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Full text of "Rapid Population Growth Consequences And Policy Implications"

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own patterns of natural increase. Differential size and growth, and the perception of this, are important political facts in all political systems, and perhaps particularly in democratically oriented systems. Population policy may be explicitly or implicitly employed to extend the dominance of one ethnic group over another, or to extend political control over an area not previously well populated, or more generally to influence public policy decisions in discriminatory ways. Intergroup relations may be exacerbated by the migration that generally accompanies population growth and economic development. If low-fertility groups advocate a general policy of low fertility, the policy may be perceived by the targets of the policy to be politically motivated!
From an international viewpoint, political or other social elites may see population growth as a measure of the strength of the nation. Military manpower is still regarded by some as an index of political power despite the lessons of current history. Thus one consequence of rapid population growth may be to stir dreams of political, military, or economic expansionism.
Implications of Changing Age Structure
An outstanding characteristic of a rapidly growing population is the tendency of different age groups to increase at different rates, with the younger ages expanding at a greater rate than the older ages. Conversely, a dampening of the growth rate affects the younger first and only later the older ages. There are three reasons for this pattern of increase by age: The largest decline in mortality is registered in the age group with the highest mortality level, the infants. Second, fertility changes are by definition modifications of the ratio of those aged 0 to those in the childbearing span. Finally, any change at younger ages is passed on with the passage of time to the reproductive ages and is reflected back through the process of reproduction.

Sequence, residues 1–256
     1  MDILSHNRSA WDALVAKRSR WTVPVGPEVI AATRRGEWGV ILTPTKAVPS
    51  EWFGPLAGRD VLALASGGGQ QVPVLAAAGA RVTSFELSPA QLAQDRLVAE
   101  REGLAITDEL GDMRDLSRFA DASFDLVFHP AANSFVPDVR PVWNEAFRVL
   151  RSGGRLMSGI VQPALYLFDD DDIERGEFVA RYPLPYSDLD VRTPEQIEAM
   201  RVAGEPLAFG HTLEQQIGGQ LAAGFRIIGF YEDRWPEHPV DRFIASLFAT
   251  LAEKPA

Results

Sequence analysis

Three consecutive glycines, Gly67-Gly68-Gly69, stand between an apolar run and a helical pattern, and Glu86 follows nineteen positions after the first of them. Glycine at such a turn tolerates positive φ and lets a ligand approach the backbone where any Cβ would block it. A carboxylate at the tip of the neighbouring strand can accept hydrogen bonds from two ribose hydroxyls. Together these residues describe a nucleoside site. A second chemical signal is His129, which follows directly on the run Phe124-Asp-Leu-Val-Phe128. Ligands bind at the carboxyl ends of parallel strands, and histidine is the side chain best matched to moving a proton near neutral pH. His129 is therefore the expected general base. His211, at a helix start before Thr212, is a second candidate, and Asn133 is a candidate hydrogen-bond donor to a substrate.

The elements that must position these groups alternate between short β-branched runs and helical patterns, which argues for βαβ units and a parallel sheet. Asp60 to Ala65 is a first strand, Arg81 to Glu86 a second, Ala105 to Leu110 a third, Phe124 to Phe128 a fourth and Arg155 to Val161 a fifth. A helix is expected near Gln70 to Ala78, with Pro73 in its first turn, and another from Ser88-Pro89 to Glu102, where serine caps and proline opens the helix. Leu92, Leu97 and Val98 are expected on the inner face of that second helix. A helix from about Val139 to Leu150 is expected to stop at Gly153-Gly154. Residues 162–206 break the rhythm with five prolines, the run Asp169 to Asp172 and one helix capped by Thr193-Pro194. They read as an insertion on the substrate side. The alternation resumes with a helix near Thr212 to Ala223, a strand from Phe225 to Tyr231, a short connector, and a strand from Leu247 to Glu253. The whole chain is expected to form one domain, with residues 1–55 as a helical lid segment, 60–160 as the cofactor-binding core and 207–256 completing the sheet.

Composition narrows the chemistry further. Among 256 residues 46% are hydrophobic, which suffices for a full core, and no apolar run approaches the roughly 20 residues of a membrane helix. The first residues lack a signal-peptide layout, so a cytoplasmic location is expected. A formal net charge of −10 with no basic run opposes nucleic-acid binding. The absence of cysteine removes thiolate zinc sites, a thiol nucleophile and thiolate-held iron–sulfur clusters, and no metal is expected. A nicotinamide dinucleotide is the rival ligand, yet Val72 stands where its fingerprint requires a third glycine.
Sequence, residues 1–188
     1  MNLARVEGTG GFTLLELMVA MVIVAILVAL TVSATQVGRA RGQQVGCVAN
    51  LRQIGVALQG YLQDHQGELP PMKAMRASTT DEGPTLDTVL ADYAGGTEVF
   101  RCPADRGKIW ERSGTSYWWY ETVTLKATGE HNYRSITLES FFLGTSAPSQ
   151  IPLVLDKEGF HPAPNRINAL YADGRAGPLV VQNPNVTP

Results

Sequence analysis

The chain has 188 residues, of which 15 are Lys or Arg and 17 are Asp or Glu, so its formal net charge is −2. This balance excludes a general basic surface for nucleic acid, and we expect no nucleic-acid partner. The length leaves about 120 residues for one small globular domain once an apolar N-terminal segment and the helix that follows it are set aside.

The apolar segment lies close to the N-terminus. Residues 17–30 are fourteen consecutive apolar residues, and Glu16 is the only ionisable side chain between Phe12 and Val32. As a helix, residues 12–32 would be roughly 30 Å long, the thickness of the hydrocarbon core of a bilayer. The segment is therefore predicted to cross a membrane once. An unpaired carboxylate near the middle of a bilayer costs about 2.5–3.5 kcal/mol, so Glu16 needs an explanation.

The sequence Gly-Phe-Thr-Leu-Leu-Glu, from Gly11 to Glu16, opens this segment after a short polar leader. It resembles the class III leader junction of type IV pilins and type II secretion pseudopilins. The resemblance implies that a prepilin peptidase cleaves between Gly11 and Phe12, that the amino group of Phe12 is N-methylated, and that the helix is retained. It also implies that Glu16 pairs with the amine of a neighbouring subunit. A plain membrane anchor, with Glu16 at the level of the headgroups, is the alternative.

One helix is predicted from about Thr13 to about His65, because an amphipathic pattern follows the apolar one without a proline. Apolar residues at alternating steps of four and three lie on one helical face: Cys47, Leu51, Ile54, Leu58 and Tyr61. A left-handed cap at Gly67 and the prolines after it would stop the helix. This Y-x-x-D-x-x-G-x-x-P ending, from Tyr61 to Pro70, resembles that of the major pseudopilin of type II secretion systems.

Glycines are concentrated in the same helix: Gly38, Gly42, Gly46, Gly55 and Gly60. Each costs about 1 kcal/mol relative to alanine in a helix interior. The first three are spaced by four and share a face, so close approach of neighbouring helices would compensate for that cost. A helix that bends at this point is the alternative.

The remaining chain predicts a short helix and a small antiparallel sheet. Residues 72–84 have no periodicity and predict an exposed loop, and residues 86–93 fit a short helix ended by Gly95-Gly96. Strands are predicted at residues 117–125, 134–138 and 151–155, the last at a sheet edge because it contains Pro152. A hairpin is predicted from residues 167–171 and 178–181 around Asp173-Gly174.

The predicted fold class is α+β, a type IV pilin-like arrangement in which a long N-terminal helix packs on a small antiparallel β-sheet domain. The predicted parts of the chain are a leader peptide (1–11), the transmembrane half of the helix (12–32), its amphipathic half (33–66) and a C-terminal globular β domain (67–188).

A stationary population with high fertility and high mortality is a young population. With mortality decline and the resulting positive rate of growth, the population becomes younger—the more so the higher the rate of growth. When fertility declines, the population becomes older, reaching a maximum age when it becomes stationary at a low mortality level. Thus the typical sequence in a demographic transition is that a young population becomes even younger as a consequence of mortality decline, but then becomes older as a consequence of fertility decline.
This transformation of the age structure has many important ramifications for the body politic. Different age groups make different kinds of demands upon the state—for health services for children and mothers, for the various levels of public education, for employment opportunities for entrants into the labor force, for medical services and social security for the old. For exarrmle. with an increase in the number of school-aee children, the sovern-oer caoita costs of sovern-shine returns: it would notelated collective consumption needs would stay largely unchanged for the better part of a decade, and